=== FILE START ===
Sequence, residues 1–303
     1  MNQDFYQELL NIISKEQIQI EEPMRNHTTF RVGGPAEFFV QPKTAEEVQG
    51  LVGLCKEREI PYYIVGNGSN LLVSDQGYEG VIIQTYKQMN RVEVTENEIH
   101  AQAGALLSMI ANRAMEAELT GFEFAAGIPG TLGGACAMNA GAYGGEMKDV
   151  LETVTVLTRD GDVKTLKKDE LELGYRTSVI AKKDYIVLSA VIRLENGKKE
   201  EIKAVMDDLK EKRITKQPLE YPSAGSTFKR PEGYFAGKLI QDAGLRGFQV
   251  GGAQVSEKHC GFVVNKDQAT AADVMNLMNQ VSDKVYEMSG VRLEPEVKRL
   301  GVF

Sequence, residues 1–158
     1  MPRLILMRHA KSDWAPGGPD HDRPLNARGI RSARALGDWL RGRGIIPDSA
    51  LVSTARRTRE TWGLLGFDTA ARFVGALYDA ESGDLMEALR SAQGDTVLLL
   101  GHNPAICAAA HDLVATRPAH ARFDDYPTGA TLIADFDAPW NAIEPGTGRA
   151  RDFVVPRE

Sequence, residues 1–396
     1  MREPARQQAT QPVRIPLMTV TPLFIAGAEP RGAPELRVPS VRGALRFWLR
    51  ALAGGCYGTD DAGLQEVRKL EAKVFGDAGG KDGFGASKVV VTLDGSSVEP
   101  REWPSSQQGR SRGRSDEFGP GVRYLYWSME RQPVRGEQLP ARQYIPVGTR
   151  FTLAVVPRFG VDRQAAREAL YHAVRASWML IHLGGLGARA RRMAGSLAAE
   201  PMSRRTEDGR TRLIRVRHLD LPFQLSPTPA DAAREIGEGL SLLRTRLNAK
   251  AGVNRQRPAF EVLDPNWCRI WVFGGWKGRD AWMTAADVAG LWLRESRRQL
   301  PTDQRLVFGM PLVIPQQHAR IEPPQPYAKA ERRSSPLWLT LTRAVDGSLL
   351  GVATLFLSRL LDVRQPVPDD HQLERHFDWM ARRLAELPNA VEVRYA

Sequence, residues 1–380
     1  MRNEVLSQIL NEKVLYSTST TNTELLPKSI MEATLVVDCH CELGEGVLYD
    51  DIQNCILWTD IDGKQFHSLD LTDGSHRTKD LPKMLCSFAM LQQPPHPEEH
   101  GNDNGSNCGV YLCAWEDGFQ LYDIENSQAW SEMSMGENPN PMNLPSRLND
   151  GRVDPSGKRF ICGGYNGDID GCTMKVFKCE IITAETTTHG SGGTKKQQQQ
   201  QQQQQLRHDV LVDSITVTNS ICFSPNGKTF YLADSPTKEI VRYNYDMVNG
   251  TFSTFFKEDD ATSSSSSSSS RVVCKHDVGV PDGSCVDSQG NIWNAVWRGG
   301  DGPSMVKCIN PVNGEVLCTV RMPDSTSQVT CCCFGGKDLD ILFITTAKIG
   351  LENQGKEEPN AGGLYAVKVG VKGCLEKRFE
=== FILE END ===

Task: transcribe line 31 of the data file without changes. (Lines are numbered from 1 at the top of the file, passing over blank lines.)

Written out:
   351  LENQGKEEPN AGGLYAVKVG VKGCLEKRFE